Re: Ryan Braun
posted at 2/17/2013 10:03 AM EST
(1) The discipline meted out by MLB is for using banned substances. Failing a blood or urine test is just one way MLB can "prove" a violation of the policy. Other ways would be the testimony of witnesses, a confession, or circumstantial evidence such as reciepts or paraphanalia. Obviously, a posative test is the easiest way to prove a violation. A player's name appearing on a list at a clinic that has some legitimate and some illegitimate activities is probably not enough to prove a violation.
(2) Ryan Braun did not "get off on a technicality." The chain of custody requirements are there for a reason: to ensure that the sample is reliable evidence. Failure to follow the chain of custody means the sample could have been tainted and/or deteriorated. The arbitrator found that MLB did not have enough reliable evidence to prove that Braun failed a drug test.
MLB and the union agreed to the chain of custody guidelines. Presumably, they designed those guidelines based on objective evidence that failure to follow them could result in tainted or deteriorated samples. The guidelines were not invented whole-cloth just to be a pain-in-the-neck; they were tailored to protect the integrity of the evidence.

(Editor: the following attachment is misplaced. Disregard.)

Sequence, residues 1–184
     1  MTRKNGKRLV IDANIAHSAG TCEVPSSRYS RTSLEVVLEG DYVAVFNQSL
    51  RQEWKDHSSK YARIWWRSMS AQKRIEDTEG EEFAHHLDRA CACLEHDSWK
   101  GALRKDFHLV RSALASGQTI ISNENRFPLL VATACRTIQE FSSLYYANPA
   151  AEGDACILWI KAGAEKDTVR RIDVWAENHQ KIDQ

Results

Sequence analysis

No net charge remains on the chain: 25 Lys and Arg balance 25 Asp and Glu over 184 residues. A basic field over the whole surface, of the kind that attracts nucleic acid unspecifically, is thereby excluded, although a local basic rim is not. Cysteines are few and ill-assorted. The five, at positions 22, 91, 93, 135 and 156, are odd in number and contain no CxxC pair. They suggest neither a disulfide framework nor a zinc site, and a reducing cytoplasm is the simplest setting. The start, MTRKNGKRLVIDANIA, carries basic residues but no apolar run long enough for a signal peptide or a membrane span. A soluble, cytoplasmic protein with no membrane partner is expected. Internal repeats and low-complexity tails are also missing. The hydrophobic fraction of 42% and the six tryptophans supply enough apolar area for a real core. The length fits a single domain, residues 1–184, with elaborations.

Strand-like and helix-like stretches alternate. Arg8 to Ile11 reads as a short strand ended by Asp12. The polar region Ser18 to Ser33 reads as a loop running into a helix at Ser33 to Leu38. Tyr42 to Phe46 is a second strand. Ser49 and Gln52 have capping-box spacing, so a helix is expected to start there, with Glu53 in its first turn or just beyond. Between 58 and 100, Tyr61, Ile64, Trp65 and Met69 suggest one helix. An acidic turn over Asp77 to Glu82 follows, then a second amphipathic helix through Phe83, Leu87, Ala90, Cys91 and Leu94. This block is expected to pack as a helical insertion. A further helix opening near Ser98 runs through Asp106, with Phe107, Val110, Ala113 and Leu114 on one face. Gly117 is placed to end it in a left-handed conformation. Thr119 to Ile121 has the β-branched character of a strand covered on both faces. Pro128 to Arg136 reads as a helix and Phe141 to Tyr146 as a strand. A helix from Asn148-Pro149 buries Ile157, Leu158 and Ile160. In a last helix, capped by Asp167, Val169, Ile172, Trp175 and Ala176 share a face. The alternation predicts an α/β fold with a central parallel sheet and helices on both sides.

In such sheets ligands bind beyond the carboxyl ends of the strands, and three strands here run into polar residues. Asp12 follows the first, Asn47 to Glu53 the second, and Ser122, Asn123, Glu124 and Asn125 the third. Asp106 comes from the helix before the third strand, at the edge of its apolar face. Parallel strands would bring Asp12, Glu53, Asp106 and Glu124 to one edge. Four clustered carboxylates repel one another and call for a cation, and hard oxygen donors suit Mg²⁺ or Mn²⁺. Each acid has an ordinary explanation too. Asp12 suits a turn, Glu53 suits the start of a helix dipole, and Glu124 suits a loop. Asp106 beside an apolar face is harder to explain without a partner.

In this case, the arbitrator felt that the failure to follow the chain of custody requirements was sufficient to undermine the reliability of the evidece. Even when the official testified that he kept it safe and didn't let it get contaminated, the arbitrator found that it was unreliable. This is not a case where MLB was not allowed to introduce the evidence; rather it is one where the factfinder, knowing all of the evidence, was not convinced that Braun was guilty because the evidence was flawed.
This is not like a jury trial, where the jury doesn't get to hear that there were drugs in the car because the cops did an illegal search. It is more like a jury trial where the eyewitness has a motive to lie about the defendant, and the jury acquitts because they don't believe the witness. The evidence was not kept out, it was just shown to be unreliable.
Since he was not "convicted," it would be unjust to escalate the penalty for what would be his first conviction to the level of the second conviction.
If you're charged with DUI and you successfully beat it in court because the breathalyzer test was bad, your next DUI charge is not a 2nd, but a first. Likewise in this case. Braun's next conviction for using will not be a second conviction, but a first conviction.